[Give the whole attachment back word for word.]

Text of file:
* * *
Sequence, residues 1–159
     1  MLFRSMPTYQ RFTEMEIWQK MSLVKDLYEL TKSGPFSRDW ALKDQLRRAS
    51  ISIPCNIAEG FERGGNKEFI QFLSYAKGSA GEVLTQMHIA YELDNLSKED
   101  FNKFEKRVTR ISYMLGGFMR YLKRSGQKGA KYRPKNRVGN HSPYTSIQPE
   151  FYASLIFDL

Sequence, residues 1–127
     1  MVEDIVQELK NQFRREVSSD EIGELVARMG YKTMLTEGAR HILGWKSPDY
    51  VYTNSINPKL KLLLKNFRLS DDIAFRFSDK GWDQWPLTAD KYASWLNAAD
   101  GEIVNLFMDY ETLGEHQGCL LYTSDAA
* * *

Sequence, residues 1–159
     1  MLFRSMPTYQ RFTEMEIWQK MSLVKDLYEL TKSGPFSRDW ALKDQLRRAS
    51  ISIPCNIAEG FERGGNKEFI QFLSYAKGSA GEVLTQMHIA YELDNLSKED
   101  FNKFEKRVTR ISYMLGGFMR YLKRSGQKGA KYRPKNRVGN HSPYTSIQPE
   151  FYASLIFDL

Sequence, residues 1–127
     1  MVEDIVQELK NQFRREVSSD EIGELVARMG YKTMLTEGAR HILGWKSPDY
    51  VYTNSINPKL KLLLKNFRLS DDIAFRFSDK GWDQWPLTAD KYASWLNAAD
   101  GEIVNLFMDY ETLGEHQGCL LYTSDAA